Elvis died, and we were born. I’m not sure our timing could have been any better. The dark ages of medicine were far behind our neonatal backs, and the First World was just getting out of the starting blocks before its most recent run of prosperity.
The Cold War still lingered in the 1980s, but it was ending, and it did end before we were old enough to feel any psychological effects from it. There were also hiccups like the S&L crisis and 1987 stock market crash. Not exactly at the top of the day’s pre-teen minds. Greed was good, and that was good enough for our parents. It was good enough for us.
We spent our teenage years in the 1990s, a modern replica of the prosperous 1950s. The final decade of a century that saw some of the most despicable sides of humanity turned out to be a time when no one much worried about anything.
As we entered our teen years, we were getting a musical identity. Grunge was more real than the clownish, decadent stuff of the 1980s. It belonged to us. And just as we made Kurt Cobain the king of it, he put down his guitar and picked up a shotgun.
It was a symbolic moment amid a Seinfeldian era when American life was so fucking perfect, so devoid of real problems, we had no choice but to create our own, imagined ones. We certainly had none given us by the world.
The only war my generation knows started in the 1990s, but even that wasn’t really a war at all. Certainly not the type of war known by generations prior.
The Persian Gulf War was a Roman gladiator arena brought to our living rooms by modern media. No one was ever fearful of an American loss. Instead of permanent psychological scars, mass bloodshed, and rations, we got a 24/7 feed of laser-guided missiles obliterating buildings, and we watched news anchors virtually high-five commanders in chief over satellite phones.
We were never bothered with the bloody faces of a parallel generation that was too distant and out-of-focus to see through the glass of our North American box seats.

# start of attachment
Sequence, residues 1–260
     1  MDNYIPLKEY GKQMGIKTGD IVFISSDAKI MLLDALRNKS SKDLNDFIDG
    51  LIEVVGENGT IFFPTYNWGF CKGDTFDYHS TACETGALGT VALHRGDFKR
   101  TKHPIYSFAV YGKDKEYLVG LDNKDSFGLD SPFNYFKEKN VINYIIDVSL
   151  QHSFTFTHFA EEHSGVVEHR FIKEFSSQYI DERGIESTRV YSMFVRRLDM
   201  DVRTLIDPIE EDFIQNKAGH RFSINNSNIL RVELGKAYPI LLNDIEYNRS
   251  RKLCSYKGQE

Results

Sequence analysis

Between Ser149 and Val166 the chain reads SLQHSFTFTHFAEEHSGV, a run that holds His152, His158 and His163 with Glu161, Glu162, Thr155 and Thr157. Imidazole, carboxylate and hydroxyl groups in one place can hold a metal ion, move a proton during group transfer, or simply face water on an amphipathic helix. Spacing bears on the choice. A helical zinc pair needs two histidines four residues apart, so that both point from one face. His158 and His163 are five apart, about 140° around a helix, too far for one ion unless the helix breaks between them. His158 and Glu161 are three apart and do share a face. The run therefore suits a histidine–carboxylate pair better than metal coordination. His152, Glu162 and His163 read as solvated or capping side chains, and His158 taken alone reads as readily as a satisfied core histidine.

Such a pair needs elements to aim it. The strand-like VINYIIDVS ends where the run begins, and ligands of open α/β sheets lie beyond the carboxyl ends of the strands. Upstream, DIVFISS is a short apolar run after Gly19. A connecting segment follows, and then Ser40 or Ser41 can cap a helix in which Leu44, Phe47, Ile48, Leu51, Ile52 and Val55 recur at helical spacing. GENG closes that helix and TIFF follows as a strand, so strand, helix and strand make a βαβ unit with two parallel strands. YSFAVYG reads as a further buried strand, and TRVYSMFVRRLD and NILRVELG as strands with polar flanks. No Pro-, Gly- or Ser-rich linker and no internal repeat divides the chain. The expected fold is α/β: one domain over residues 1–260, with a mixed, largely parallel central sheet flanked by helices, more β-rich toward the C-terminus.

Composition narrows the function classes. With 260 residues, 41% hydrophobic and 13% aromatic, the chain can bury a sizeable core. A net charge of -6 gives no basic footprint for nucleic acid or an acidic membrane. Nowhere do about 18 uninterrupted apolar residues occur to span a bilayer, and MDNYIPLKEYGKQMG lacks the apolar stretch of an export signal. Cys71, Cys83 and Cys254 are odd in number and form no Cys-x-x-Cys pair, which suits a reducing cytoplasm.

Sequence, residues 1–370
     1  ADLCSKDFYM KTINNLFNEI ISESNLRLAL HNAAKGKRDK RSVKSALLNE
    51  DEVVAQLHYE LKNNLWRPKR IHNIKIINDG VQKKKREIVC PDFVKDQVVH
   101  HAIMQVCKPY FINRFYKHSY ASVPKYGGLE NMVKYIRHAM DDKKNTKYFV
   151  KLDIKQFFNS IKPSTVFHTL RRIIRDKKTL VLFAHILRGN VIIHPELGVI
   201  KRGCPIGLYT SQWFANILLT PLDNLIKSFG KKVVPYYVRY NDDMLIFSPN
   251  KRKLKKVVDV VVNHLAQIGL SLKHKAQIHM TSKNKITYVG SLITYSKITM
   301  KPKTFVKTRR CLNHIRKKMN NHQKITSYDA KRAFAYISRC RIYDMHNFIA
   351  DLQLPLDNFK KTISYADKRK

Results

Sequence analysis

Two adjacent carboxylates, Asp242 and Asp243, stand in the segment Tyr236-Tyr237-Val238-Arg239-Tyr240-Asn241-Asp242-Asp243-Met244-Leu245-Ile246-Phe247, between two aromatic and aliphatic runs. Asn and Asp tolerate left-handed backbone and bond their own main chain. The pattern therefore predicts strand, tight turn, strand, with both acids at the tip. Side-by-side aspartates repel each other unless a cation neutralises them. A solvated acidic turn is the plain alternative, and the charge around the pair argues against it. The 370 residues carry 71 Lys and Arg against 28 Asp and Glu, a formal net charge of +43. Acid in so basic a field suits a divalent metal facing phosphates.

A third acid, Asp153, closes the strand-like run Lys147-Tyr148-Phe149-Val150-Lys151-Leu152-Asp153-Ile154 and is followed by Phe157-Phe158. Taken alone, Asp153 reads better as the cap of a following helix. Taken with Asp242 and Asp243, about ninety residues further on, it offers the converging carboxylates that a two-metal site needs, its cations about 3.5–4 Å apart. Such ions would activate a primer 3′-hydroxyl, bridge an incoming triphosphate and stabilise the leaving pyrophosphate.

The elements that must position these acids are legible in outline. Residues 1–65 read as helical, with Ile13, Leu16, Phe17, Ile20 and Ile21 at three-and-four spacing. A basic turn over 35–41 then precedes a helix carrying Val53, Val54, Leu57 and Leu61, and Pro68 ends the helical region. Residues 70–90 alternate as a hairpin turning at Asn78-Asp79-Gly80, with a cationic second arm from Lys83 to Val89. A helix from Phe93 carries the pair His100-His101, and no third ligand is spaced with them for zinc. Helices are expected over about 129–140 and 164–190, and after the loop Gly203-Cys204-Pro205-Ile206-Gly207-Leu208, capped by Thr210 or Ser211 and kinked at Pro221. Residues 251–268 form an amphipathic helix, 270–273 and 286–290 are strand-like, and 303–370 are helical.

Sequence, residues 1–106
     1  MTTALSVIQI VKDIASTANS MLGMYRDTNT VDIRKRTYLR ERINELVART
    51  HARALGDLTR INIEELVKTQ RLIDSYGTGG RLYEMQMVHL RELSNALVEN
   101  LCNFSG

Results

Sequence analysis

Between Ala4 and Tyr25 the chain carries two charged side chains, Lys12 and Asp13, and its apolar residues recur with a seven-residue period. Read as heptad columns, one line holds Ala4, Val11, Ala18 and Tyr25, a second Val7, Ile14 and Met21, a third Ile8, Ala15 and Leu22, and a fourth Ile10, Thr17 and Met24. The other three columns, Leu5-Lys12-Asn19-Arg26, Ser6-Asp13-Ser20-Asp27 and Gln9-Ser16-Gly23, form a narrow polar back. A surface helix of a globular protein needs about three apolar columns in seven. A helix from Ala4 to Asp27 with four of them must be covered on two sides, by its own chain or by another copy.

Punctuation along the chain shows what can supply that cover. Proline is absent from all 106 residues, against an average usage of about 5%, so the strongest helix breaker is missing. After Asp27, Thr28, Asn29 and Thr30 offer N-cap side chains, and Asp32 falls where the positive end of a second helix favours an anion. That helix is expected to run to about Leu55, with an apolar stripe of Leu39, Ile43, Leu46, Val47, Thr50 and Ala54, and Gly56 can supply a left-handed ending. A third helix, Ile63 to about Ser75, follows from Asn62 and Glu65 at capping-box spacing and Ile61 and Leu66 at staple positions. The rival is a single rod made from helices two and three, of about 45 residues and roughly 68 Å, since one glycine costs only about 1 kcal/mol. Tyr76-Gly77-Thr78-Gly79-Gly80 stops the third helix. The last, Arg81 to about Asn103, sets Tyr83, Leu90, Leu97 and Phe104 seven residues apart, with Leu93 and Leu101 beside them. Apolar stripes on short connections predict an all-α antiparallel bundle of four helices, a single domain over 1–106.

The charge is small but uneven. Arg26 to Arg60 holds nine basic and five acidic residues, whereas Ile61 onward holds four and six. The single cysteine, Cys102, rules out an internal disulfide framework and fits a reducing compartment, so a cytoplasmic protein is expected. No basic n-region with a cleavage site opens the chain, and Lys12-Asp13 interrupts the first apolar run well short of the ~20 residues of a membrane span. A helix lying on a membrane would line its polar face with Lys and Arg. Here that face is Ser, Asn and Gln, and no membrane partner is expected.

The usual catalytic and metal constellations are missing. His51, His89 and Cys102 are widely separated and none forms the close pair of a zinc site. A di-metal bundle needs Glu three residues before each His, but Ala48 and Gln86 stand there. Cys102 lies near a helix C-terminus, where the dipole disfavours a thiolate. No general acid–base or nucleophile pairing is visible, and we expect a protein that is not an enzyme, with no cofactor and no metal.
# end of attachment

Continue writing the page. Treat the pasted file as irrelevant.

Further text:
And with the same encouraged excitement of Roman youths 2,000 years before us, most of us were captivated by the show. Society said watch and enjoy. We did and we did. Then we forgot.
Season one of Reality WarTV ended, and we turned our attention to the Real World instead. Future seasons would never be the same. But for typical American teenagers, it didn’t matter anyway.
The only draft we would ever know was four to six percent alcohol by volume. At eighteen, we were going to college, not war.
We blissfully and ignorantly skipped the tech bubble, its messy pop, and we then graduated just as the 21st century’s first recession was ending. Companies were hiring again, and the fiber optic infrastructure that would power our knowledge-based careers had been built with lost money we never knew.
Just as we tuned our ear to the sweet rhythm of a semi-monthly paycheck, we were able to buy homes, ironically, without a paycheck at all. The age of free money and garden tub entitlement was in full swing.
We had it all, and we wanted more. More money, more square footage, more voice – even though we never really knew a life without those things. Above all else, we wanted more information.
I’m not sure any other generation in human history will have the technological perspective of mine. We were born far enough in advance of the internet to know life before the internet. We’re the youngest adults in an era that I believe will ultimately be regarded as the beginning of an information-centric version of the Neolithic Revolution.
We know a now-ancient life when search was exclusively the pursuit of physical objects or information printed on physical objects. We remember distant days of glossaries and Dewey Decimal Systems; days of dictionaries that were too hard to reach.
We learned cursive handwriting. We learned to type on typewriters. We grew up using phones that really were just… phones. We know a time when Hollywood beat Silicon Valley to market.
We’re old enough to remain in awe of mobile devices, the cloud, and social networking, but we’re young enough to use them to better our lives. We’re young enough yet that we can expect to see a pace of technological innovation that would have spanned tens of lifetimes in the past. And we’re unlikely to ever feel a sense of Luddism toward any of it.
If there’s a blight on my cohort’s thirty-something years I suppose it was the second recession of the 21st century. You know, the “great” one we just had. But luckily, we are still young enough that even this downswing will probably prove to be a windfall in the long run. Losing 50 percent of a small number isn’t nearly as bad as 50 percent of our parents’ much larger number. Retirement accounts will be funded for decades yet.
So yeah. We’ve had a good run. Too good?
It often works out that tragedy can be the greatest gift a generation can receive. Tragedy cures a more insidious social tumor: complacency. But for my generation – for now – the gift of tragedy remains wrapped in an unopened box. As for the future, we’ll see.
- "We'll see" refers to a zen master story. It was famously told by Philip Seymour Hoffman's character in the movie Charlie Wilson's War.